Epic Road Trip Planner 2023 Year In Review

Epic Road Trip Planner  2023 Year in Review Building in Public A few years ago, I set out to plan an extended family cross-country road trip , and was flabbergasted at just how annoying and time-consuming it was to do so. It was a chore. It IS a chore. In early 2023, I founded Epic Road Trip Planner on the not-so-novel idea that both planning AND taking an epic road trip could actually be an enjoyable experience -- NOT a chore.  I firmly believe in building in public, so now that we've got the better part of a year behind us, I'd like to share a bit about how it went and what's next. Bottom Line Up Front In 2023, over 15,000 Epic Road Trip Planner users planned almost 20,000 road trips. I genuinely hope you all took every last one of them, and had an absolutely amazing time! 2023 Timeline The first very basic prototype of Epic Road Trip Planner went live online Monday, March 13. Just a few days later, I took a little trek up to Stemma Brewing Company in Bellingham to atte

It Is NOT Bright Red, It Is NOT Spurting, and YOU ARE NOT GOING TO DIE!

It Is NOT Bright Red, It Is NOT Spurting, and YOU ARE NOT GOING TO DIE! WARNING: Do not read this story if you are squeamish about blood! Copyright (c) 2009, Timothy A. Johns Be careful what you tell your kids. Not because they might hold it against you later, or they aren't ready for it yet, or you might warp them for life somehow, or all of the other obvious reasons to be careful what you tell your kids. Be careful what you tell your kids because they might remember it with the emphasis on the wrong details... First, a confession of sorts, and I'll just put it right out there (and some of you won't believe me): I faint at the sight of blood. Actually, that's not right. I faint at the sight of MY blood. Actually that's not right either. I faint at the THOUGHT of the sight of MY blood. (and as I write this I quite seriously don't feel so good all the sudden...) I first discovered this little 'issue' at Ft. Knox, Kentucky, when my company First Sergeant d

Jumping Back Into the Arena

I've been a bit busy.  That's like the world's most terrible, overused excuse, but I feel like I owe an explanation why this is the first blog post I've written in a couple of years. I was really focused on Tiller Money, so between that amazing company and my own family, the reality is I just didn't feel like making blogging a priority for a while. No more excuses, though - I left Tiller earlier this summer, on great terms, after a truly wonderful five years. I still love that team and the service. Tiller is doing an incredible job helping people with their personal finances, but, to put it concisely, I was getting 'antsy'. I took the summer off to spend with family and figure out what I wanted to do next. Now the kids are back in school (well, sort of, anyway), the leaves are turning, the rain has started falling, AND the furnace kicked in yesterday - all good cues for me to get back to work. I'm not just back to blogging though, I'm straight-up jum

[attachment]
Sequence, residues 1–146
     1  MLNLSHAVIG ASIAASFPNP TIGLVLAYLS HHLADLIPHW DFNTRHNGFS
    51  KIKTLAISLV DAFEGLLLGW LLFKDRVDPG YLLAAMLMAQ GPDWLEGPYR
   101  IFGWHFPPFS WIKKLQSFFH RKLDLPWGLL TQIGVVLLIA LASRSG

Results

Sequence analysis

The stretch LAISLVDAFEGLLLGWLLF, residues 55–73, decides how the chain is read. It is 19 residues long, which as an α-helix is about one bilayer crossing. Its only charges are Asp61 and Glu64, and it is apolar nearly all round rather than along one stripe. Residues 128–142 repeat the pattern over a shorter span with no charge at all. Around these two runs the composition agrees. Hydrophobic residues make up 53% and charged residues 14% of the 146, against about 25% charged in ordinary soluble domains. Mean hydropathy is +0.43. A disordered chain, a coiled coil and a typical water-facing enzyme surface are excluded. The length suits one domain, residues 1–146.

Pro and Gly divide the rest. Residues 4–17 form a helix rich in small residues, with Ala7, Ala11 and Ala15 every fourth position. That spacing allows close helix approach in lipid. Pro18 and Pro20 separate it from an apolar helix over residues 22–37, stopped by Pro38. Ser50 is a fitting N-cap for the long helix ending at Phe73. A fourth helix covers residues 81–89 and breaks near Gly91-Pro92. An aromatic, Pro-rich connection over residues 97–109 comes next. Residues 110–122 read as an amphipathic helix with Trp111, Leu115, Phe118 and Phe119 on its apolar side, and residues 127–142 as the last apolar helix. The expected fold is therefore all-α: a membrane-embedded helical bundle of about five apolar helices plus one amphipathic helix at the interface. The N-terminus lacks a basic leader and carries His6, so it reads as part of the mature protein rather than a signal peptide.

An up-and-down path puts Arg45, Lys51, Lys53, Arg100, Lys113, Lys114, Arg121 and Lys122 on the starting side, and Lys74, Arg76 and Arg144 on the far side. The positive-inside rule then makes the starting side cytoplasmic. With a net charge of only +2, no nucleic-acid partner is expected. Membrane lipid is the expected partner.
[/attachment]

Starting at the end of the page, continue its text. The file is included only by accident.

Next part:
Money For College - Persistence Pays Off. Literally.

I work at Tiller Money , where last week, Ed, our marketing lead, asked me to write up just a couple of short paragraphs for " What is one thing (big or small) you wish you could teach your college-age self about money? " True to form, when I have something to say, nobody can get me to shut up, so I wrote up what was probably WAY more than he needed, and trimmed it down for that post. The result was a concise, honest, earnest bit that fit nicely into that larger piece. The trimmed-down version lost a little of my tongue-in-cheek whiney vibe (which -- perhaps secondary to excessive verbosity -- is also my style). I don't think that style is the best fit for our company blog, but is ABSOLUTELY a good fit for my PERSONAL blog. So here you go; the long form, in all it's whiney, parenthetical, not-terribly- concise glory! Ed asked -- what is one thing (big or small) you wish you could teach your college-age self about money? Well, I was lucky; I happen to